Then with that simple line of script their window will appear in the game in the same way any of the windows we support in code do. Now of course there are some limitations, the windows do not have any special data context like a code one does but it can access anything that is set globally or on the local player character which covers more than enough cases normally.
This may not sound hugely impactful, but it means that mods going forward can easily create large systems which can then more easily be compatible with other mods that add systems or if they feel brave enough even with larger Total Conversions if they do not cross over in incompatible design choices.
I am really excited to see the new UIs that mods end up making for their gameplay systems and getting to try a few different mods together. Hopefully their windows have a bit more functionality and effort put into it than my testing one…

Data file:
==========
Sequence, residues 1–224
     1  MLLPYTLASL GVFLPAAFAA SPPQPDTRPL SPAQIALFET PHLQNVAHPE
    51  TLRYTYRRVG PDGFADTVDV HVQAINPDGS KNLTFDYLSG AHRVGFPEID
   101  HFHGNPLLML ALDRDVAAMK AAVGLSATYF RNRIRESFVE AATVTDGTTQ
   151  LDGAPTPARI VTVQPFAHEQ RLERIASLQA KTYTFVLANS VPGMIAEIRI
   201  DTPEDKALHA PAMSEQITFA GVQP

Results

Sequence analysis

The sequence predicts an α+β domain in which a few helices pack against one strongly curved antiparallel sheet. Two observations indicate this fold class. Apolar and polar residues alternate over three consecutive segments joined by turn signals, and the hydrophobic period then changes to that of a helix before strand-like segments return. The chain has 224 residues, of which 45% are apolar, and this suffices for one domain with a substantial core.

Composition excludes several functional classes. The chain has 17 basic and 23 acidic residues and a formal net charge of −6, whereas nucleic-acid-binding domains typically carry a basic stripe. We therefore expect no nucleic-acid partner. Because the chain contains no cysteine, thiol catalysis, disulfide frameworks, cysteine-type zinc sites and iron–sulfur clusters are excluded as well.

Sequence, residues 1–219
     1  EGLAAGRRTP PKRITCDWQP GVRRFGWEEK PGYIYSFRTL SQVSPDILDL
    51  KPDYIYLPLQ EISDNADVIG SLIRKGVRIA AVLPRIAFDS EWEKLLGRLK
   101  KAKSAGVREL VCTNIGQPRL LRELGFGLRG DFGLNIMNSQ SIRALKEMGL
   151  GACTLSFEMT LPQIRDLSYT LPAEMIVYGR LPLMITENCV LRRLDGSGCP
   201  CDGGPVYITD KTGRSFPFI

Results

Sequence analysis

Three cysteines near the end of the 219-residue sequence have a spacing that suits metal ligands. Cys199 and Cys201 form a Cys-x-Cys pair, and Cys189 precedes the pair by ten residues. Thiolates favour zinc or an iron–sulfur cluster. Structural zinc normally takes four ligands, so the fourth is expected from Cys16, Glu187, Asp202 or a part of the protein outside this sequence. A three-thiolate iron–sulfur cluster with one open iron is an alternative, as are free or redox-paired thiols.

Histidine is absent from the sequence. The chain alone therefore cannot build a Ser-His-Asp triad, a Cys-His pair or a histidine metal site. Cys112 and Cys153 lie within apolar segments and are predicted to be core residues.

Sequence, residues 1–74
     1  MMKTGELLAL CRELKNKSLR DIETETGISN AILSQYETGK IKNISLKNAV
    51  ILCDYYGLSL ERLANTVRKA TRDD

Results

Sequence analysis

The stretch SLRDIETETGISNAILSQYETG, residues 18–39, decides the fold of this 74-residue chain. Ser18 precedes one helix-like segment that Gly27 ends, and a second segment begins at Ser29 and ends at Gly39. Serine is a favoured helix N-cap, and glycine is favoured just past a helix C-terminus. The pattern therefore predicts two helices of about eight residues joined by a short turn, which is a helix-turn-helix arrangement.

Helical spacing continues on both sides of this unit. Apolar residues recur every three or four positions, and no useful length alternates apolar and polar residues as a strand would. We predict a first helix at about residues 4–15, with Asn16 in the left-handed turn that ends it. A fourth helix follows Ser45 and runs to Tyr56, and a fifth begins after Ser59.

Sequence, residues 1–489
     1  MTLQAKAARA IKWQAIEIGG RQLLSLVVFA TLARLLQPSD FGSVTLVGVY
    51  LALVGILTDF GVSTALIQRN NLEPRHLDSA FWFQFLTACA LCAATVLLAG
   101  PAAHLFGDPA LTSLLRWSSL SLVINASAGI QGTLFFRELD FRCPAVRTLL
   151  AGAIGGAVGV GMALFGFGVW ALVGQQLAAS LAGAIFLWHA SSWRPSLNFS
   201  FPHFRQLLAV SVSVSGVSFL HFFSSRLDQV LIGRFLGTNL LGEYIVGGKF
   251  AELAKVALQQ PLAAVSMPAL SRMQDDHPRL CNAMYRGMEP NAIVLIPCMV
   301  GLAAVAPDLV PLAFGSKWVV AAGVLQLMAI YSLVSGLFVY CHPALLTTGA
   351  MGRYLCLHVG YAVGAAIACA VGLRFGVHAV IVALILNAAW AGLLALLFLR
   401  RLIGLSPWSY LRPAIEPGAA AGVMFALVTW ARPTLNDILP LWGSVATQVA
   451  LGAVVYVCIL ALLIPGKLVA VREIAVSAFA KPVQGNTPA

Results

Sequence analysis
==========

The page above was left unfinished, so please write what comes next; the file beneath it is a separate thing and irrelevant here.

Another bit of UI functionality that mods could not nicely mimic is getting breakdowns of their numbers in the same way we break down a value like your prestige income or how much piety it’s gonna cost to start that war in their own UI. In 1.5 we’ve added the GetScriptValueBreakdown UI function which lets you specify the name of the script_value you want to break down and the scope context to do it on and it gives you the exact same data as if we’d natively done it from code.
For example in my custom widget I’ve made the button tooltip give a breakdown of the cost if I were to increase my crown authority entirely separate from the usually needed button to evaluate that cost in the realms UI.
We hope this will let mods better explain their own custom values in a more clear way, be that something like your mana in a fantasy mod or custom score for a special event chain.
Events and Localization
To make life easier for our modders and designers to work with events we’ve added and reworked a few debug buttons in the event window. Now every event has these five icons in the top right corner.
In order they let you: